The exhibit highlights a few particular individuals, including Mabel Choate, owner of Naumkeag, and William Cullen Bryant, a writer and an early proponent for preserving open spaces. This thread creates a personal connection to the objects.

A collection of breezy, delicate gowns occupies the center of the exhibit. These were designed for and worn at a popular leisure activity: garden parties. The dresses are distinctly lighter than Victorian-era dresses which usually involved corsets, petticoats, bloomers, hoop skirts and long sleeves.

An etiquette guide book from 1921 reinforced the importance of proper dress for a garden party: “Here, amidst summer flowers, the wrong color schemes in dress, jar as badly as a streak of black paint across the hazy canvas of landscape painting by an impressionist.”

William Cullen Bryant, editor of the New York Evening Post whose family estate is now a Trustees property in Cummington, had a personal regimen for a healthy lifestyle that seems common sense today. But in 1850 his ideas were quite progressive. Many of his personal items are included in the Fruitlands exhibit.

“My favorite item in the exhibition is William Cullen Bryant's homeopathy kit,” said Dumont Garr. “I love how he traveled widely and implemented and shared new ideas about health way before his time.”

Bryant believed in fresh air, daily exercise, including using wooden hand weights, avoiding caffeine and alcohol, and drinking lots of water. When it was time to relax, he enjoyed wearing his loose-fitting Turkish caftan and pointy red slippers.

Jackson noted many of the objects on display represent evolving ideas.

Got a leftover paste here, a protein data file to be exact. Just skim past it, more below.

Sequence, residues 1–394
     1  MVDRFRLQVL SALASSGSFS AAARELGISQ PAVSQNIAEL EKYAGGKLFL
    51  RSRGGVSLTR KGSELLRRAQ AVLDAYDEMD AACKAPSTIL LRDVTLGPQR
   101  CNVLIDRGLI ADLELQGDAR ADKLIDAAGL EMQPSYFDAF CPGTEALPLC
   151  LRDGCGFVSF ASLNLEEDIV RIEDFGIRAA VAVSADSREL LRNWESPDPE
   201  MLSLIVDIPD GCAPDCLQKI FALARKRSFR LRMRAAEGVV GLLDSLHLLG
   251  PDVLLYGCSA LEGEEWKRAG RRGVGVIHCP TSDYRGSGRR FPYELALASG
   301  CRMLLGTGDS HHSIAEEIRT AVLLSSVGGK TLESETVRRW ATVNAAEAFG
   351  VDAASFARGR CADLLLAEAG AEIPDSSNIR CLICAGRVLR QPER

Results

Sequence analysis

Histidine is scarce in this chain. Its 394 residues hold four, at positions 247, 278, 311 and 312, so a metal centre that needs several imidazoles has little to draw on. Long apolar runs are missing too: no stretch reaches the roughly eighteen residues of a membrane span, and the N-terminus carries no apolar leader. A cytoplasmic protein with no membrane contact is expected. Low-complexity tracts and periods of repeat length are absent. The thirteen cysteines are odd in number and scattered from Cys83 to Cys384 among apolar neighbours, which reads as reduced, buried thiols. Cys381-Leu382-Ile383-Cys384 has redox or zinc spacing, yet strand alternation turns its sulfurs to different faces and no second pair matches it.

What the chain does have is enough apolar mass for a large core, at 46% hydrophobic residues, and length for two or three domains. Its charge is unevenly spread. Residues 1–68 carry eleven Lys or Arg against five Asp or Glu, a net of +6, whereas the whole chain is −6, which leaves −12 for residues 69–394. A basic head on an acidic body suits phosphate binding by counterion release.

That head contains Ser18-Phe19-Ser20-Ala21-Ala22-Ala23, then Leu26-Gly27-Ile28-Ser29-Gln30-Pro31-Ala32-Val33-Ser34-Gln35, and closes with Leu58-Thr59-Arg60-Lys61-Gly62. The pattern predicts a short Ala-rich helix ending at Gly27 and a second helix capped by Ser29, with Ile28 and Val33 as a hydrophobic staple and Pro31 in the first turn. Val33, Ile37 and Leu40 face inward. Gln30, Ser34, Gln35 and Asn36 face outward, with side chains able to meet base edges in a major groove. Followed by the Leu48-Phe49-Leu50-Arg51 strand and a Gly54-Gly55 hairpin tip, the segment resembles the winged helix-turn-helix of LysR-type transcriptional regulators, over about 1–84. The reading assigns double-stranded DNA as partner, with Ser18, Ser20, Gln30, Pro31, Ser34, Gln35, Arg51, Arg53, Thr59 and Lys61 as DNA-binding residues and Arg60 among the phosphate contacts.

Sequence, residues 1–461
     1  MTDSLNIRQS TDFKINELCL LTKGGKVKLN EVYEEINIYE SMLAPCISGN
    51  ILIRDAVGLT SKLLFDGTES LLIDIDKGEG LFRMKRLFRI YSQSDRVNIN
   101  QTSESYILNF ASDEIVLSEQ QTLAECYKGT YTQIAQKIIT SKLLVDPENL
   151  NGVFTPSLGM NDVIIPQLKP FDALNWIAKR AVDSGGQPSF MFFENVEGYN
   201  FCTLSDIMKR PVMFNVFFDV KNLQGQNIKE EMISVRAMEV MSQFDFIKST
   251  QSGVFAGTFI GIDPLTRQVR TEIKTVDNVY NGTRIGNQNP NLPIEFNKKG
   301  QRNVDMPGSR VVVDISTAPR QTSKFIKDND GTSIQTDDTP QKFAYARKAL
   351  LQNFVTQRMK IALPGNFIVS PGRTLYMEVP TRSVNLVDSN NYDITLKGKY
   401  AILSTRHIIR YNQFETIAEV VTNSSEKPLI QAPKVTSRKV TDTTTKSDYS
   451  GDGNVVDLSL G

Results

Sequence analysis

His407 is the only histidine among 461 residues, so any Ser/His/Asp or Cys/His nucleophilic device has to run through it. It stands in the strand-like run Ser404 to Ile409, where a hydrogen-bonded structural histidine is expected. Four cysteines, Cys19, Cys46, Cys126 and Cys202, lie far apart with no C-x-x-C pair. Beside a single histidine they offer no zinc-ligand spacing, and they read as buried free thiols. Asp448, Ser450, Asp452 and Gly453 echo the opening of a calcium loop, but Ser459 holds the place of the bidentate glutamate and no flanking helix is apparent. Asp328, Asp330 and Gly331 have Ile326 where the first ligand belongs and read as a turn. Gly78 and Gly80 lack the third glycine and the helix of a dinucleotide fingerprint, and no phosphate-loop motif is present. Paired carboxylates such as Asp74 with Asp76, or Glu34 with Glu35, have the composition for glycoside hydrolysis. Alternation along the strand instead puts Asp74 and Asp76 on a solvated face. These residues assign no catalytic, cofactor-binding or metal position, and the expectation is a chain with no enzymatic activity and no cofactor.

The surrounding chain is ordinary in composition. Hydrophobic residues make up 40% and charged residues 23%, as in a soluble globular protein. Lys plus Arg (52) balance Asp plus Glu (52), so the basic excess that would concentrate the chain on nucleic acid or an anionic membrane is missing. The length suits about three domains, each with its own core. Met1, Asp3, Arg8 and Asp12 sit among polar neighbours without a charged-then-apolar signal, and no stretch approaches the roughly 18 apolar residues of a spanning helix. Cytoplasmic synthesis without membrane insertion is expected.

“There have been a lot of strong feisty women in our history that have used fashion as a way to communicate and to push boundaries,” Jackson said. “There has always been this tension historically between modesty, properness and performance.”

For example, in the 1900s women’s swimsuits could be downright dangerous. World-record Australian swimming champion Annette Kellerman was arrested on Revere Beach in 1907 for the “indecency” of wearing a one-piece swimsuit which did not cover her knees.

Similar tensions persist today. It was not that long ago that Serena Williams was called out at the French Open for her choice of fashion during a tennis match.

“There is a lot of relevance here to performance and identity. I really wanted to make an exhibit that was a little whimsical and fun,” said Jackson. “So it was important to me to have a range of objects so everyone can relate to this. And I really want people to think about ‘how do we enjoy the outdoors?’ ”

'Leisure Pursuits'

WHEN: Through March 24, 2019

WHERE: Fruitlands Museum, 102 Prospect Hill Road, Harvard

HOURS:

Through Nov. 4: 10 a.m.-4 p.m. Monday, Wednesday-Friday; until 5 p.m. Saturday and Sunday.

Nov. 5-March 24: noon-5 p.m. Saturday and Sunday only.

ADMISSION: Through Nov. 4: $15 adults, $12 seniors (65+) and students with ID; $6 children 5-13; free for members and children under 5.

Trails/Grounds only: $6 adults, $3 children

Nov. 5-March 24: $5 adults, seniors, student and children; free for member and children under 5.

INFO: 978-456-3924; fruitlands.thetrustees.org